Short shelf life food manufacturers very often face capacity problems at the end of the production line. The area designated to perform the cold store function is often a legacy from the past, and has to cope with bulk product, order picking and load marshalling in a very confined, dynamic, rapidly changing, make to order environment with tight deadlines.
The main historic problem is the number of product lines required to be made daily with all the ensuing product, label and pack format changes leading to excessive stoppage time, which eats into the machine time availability. Long batch production is not possible due to the lack of storage space and the number of products required to be available when order picking in such a confined area.
This age old problem has in some cases been addressed by investment in fewer, modern, highly automated production units with larger ‘fit for purpose’ storage areas.
However a related variant of the old problem has emerged for a different reason.
More vehicles are travelling further to service the customer base, while at the same time the high speed packing lines now employed mean that more finished products are available in the cold store earlier, conversely the vehicles are back later as they have further to travel.
Refrigerated trailers are themselves a scarce resource and are not always available when required to relieve the pressure as they are out making deliveries, and thus the cold storage area is prone to congestion resulting in the worst case scenario – production line stoppages.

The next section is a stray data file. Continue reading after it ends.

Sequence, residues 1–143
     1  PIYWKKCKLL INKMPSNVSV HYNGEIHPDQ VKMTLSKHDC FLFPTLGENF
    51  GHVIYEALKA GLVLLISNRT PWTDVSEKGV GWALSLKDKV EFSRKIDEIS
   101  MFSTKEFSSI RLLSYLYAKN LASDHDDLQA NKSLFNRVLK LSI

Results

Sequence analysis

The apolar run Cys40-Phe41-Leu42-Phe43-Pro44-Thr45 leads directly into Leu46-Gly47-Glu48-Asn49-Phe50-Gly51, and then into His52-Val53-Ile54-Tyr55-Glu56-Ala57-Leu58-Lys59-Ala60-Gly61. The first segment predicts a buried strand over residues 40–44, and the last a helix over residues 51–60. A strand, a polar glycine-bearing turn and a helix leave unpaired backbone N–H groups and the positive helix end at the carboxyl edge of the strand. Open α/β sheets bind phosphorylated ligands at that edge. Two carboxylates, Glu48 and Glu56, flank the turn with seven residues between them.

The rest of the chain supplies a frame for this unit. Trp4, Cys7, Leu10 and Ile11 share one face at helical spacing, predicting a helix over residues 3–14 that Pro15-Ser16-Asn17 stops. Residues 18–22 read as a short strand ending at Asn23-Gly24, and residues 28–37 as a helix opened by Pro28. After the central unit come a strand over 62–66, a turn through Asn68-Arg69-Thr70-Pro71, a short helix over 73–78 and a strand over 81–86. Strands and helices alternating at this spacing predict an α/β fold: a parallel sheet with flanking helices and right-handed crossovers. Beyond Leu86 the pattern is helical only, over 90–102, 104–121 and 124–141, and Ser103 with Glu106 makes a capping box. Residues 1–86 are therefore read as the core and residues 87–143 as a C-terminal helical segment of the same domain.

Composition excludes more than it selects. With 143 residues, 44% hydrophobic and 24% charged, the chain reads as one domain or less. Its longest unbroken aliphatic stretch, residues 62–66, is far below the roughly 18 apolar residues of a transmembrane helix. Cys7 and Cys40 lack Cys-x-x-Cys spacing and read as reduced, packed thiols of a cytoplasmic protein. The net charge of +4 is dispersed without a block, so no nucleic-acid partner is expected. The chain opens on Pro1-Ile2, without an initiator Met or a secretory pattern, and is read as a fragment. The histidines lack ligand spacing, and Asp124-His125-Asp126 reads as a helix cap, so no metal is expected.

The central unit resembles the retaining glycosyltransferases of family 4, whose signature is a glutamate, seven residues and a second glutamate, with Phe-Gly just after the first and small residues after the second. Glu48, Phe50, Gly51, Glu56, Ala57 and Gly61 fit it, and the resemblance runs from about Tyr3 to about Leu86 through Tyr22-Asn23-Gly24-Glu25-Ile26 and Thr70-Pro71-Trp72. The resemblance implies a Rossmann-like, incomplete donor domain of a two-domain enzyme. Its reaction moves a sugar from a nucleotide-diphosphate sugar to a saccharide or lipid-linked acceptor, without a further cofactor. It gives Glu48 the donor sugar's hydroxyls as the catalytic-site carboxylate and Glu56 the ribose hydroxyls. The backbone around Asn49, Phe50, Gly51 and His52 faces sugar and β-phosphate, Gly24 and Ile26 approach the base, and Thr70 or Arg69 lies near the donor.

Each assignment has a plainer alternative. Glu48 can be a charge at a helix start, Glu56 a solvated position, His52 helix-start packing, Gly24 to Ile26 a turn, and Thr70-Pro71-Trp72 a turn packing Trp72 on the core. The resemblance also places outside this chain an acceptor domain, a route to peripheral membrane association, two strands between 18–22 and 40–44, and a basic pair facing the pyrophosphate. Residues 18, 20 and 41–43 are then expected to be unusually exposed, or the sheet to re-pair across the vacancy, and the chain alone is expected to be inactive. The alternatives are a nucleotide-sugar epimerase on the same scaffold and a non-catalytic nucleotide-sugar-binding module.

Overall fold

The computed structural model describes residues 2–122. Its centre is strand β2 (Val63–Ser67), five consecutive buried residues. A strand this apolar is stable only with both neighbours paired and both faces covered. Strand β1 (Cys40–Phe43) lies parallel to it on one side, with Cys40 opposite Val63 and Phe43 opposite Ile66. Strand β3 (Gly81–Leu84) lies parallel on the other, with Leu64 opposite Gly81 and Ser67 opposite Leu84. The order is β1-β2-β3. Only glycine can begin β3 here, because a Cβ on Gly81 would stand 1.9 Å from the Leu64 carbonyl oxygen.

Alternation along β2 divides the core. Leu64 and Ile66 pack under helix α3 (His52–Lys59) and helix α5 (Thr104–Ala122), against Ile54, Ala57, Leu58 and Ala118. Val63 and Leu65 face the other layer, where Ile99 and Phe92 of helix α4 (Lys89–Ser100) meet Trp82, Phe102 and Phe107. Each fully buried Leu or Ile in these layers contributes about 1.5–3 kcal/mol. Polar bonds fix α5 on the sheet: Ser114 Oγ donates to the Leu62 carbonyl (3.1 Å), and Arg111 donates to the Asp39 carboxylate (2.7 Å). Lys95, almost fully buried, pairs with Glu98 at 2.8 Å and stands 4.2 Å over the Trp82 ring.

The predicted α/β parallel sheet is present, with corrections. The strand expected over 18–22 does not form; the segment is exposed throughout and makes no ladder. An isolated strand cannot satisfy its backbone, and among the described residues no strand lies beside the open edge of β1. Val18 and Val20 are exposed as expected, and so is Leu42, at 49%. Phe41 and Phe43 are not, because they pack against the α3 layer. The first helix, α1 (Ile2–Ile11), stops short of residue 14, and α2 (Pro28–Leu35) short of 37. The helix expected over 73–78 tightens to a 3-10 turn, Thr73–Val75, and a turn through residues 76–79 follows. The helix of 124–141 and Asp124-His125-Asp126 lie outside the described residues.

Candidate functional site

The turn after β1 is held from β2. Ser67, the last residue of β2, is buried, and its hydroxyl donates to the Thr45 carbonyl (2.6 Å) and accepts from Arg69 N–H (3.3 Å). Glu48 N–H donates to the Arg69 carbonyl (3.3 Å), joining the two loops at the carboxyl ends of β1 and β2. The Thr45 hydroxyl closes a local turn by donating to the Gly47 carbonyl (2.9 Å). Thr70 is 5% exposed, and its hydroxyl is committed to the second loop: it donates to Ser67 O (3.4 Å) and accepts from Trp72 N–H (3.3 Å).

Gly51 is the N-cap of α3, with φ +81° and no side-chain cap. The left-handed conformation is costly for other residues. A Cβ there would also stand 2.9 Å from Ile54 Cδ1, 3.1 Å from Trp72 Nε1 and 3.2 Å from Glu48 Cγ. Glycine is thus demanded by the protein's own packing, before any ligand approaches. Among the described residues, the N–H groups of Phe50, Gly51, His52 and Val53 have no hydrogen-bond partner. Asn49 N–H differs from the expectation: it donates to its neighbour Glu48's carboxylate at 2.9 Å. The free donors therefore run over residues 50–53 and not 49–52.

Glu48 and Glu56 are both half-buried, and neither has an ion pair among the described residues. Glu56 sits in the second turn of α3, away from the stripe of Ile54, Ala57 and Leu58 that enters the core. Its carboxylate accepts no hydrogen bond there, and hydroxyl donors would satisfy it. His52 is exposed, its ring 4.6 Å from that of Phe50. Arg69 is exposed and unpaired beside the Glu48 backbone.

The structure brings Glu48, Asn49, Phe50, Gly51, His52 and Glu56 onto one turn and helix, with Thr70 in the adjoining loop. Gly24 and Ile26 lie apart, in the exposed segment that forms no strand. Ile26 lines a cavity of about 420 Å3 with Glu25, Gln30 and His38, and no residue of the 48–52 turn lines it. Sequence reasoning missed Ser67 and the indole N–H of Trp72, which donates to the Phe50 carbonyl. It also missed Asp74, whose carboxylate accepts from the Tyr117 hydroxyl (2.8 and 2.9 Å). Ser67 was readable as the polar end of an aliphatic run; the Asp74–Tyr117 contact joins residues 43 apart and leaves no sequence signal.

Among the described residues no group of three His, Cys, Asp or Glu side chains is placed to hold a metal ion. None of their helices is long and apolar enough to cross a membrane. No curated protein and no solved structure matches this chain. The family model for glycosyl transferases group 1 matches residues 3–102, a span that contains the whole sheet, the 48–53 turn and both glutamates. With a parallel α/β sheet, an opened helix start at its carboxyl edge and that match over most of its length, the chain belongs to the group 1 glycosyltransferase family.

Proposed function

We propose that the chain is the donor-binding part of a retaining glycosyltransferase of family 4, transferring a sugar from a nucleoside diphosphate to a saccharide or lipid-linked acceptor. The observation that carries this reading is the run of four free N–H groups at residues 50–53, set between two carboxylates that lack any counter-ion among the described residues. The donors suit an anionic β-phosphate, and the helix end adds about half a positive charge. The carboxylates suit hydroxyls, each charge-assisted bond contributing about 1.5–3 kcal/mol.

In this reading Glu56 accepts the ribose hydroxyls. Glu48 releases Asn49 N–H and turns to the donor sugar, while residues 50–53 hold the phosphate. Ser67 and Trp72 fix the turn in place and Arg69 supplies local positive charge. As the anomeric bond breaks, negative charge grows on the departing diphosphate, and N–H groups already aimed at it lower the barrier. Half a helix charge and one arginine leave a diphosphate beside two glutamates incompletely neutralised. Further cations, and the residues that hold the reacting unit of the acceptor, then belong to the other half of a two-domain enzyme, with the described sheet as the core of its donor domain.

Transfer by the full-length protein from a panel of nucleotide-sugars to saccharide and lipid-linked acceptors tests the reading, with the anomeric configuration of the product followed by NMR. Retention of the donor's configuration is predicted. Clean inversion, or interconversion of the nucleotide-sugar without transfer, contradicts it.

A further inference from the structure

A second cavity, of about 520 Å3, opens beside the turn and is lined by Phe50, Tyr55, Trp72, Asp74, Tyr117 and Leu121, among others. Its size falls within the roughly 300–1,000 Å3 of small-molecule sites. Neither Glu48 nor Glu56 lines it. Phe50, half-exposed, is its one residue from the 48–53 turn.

The usual way of circumnavigating the problem is the use of ‘stand trailers’ which act as temporary storage, however these are over and above what is actually required to deliver the product, and it is always contentious as to whether they are included in the distribution or factory budgets.
Model Logic has developed a simulation tool which gives a minute by minute measure of product availability and an overview of the activities of production, bulk product out-feed, temporary storage, picking of product lines, marshalling and loading out to vehicles over a full seven day planning horizon.
The resultant usage of floor space, manpower, and handling equipment are all recorded dynamically.
This enables better understanding of the operational dynamics, and allowing ‘off line’ measurement of the impact on product availability and service levels by varying input parameters such as production sequencing, packing line allocation and resource scheduling.
The model has been used for project in the short shelf life food processing industry as well as in the pharmaceutical industry.